I remember thinking a lot about the parents in “Mmm Mmm Mmm Mmm,” the song by the Crash Test Dummies that I sang to my sons as infants. My natural singing register is already an exaggerated croon so its melody fit my range and temperament (earnest and goofy). But I also memorized the lyrics as a child and never forgot them. Something about the story sparked my own imagination to fill in the many gaps. The story is a set of sketches, one or two details standing in for narratives that are somewhere between folk tale and after-school special.

    There are three characters: a boy whose hair turns bright white from a car accident, a girl with birthmarks all over her body, and a boy whose domineering parents nonetheless let loose at church. The first two stories, about the car accident and birthmarks, seem to set the stage for the third, an almost confessional-sounding verse after two acts of God. That the song is about God seemed obvious to me, the absurdity of there even being one that I imagine is more acute with belief, not less, since atheism lends itself more naturally to dismissal and disregard. The name of the Crash Test Dummies album, “God Shuffled His Feet,” reminds me of a picture I drew as a kid in Sunday school of God dressed with a top hat and cane tap dancing with a nervous smile.

    Most commentary I read on the song now takes the storylines to be more or less random, but to me there is a clear arc between the stories, outlining different genres of tragedy—sudden trauma, chronic irritation and insecurity, and a more deliberate dysfunction borne of parental projection and abuse.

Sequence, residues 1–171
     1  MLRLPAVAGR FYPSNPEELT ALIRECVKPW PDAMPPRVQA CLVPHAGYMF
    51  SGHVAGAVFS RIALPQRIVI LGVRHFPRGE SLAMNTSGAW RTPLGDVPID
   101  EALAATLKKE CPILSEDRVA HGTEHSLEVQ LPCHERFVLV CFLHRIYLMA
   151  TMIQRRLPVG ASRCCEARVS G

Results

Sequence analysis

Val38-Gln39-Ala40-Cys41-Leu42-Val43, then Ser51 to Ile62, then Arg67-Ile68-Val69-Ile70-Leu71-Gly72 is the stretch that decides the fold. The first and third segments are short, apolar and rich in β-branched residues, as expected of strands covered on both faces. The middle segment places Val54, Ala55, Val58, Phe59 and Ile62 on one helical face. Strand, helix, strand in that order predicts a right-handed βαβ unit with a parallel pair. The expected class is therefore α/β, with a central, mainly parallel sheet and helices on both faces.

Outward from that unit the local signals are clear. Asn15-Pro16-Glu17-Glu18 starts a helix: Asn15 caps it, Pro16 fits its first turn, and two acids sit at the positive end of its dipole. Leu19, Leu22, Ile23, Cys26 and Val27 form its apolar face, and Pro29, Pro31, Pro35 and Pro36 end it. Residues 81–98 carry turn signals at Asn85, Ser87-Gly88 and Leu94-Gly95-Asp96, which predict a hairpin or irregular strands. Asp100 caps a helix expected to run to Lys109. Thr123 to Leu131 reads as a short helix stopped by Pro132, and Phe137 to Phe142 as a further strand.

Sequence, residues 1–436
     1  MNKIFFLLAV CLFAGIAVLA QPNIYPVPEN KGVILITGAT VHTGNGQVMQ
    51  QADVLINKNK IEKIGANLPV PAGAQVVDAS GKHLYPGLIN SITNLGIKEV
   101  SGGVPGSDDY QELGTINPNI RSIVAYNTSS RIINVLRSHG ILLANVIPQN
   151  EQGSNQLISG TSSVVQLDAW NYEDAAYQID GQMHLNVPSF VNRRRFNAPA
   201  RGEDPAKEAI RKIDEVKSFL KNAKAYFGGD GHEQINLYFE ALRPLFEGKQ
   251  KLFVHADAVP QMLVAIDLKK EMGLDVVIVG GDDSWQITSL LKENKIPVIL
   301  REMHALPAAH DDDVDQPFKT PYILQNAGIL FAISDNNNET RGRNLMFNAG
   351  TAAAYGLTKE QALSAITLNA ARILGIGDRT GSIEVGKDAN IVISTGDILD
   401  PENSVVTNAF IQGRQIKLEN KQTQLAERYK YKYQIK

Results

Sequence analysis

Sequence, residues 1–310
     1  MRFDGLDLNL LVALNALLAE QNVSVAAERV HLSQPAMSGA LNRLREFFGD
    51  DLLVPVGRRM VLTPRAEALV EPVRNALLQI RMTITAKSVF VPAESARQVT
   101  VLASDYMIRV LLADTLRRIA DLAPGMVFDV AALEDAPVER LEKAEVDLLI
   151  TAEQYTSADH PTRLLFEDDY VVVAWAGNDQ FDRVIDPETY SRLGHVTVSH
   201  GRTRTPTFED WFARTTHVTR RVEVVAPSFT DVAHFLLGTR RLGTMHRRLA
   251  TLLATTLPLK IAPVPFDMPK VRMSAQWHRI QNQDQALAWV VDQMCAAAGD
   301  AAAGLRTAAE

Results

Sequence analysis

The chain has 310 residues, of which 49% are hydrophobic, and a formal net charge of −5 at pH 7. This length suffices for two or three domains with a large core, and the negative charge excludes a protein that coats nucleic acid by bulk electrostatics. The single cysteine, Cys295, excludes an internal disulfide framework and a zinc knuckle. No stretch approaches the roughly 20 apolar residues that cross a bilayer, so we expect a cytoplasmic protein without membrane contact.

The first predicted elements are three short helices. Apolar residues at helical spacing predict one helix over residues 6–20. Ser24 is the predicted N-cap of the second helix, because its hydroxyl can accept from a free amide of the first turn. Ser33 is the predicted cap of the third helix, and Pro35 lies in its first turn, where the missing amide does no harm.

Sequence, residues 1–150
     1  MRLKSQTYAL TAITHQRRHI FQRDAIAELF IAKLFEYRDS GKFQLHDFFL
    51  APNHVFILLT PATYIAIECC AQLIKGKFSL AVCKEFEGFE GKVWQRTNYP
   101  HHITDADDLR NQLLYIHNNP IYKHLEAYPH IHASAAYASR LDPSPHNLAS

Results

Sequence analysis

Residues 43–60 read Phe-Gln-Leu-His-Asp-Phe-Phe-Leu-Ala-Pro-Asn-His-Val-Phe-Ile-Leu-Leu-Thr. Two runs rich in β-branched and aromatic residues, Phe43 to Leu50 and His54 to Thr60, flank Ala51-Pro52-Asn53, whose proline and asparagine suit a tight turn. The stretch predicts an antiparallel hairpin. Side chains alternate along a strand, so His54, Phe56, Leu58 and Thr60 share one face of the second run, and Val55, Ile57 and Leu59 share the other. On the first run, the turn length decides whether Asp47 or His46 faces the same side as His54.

That latter reading (of the third story suggesting abuse) is tangled in the video for the song, which gave parents to the literal protagonists in a school play depicting the song’s events. The third kid’s parents, in particular his impressively mustachioed father, are just the sort of killjoys the song imagines. The parents look offended at the play’s frivolity, even as they reluctantly stand to applaud at the end and their unshakable disappointment reaffirmed my sense that there was something categorically different about that story. Like the other two were trying to dress up the third in fairy dust as a distraction. Then again, the other two are pretty sad, too, if you read them more literally. (But in the bridge, those other two even tell you that the third kid has it “worse than that.”)

    Three ways of experiencing trauma: two of them not ascribable to malevolent actors, whether sudden or chronic, and one the trauma of upbringing itself, the trauma in the mistakes everyone makes as they try to describe or shape or contain the world for their children.

    In our family, trauma was hardly malevolent, especially you didn’t believe in God pulling the strings — it was frictionless, blameless, and I’m thankful for that in a way, not having some other person on whom to project a pain that has nowhere else to go. (My mom died when I was young, but we had a happy enough family life otherwise.)

    Mostly I thought about the third boy, this boy whose parents made him come directly home right after school and when they went to their church they shook and lurched all over the church floor. How could this be worse than a car crash that turns your hair white or having birthmarks all over your body? (Not that there’s anything so bad about that, and in fact I like the way that no one actually says anything about the birthmarks; it’s not about the reaction to the birthmarks but the hiding of them, the fear that someone might say something.)

    The sketchiness is strength here. The suggestion of something sinister is more affecting than a better-rendered narrative, which might tend toward something that more closely resembled a lesson or moral. The whole point is that you can only imagine (in fact, have to imagine) what’s happening with that boy. Something bad. But the song leaves it vague and unresolved, as in the end we all kind of have to when these kinds of things happen, especially when it’s no one’s fault but even when it is.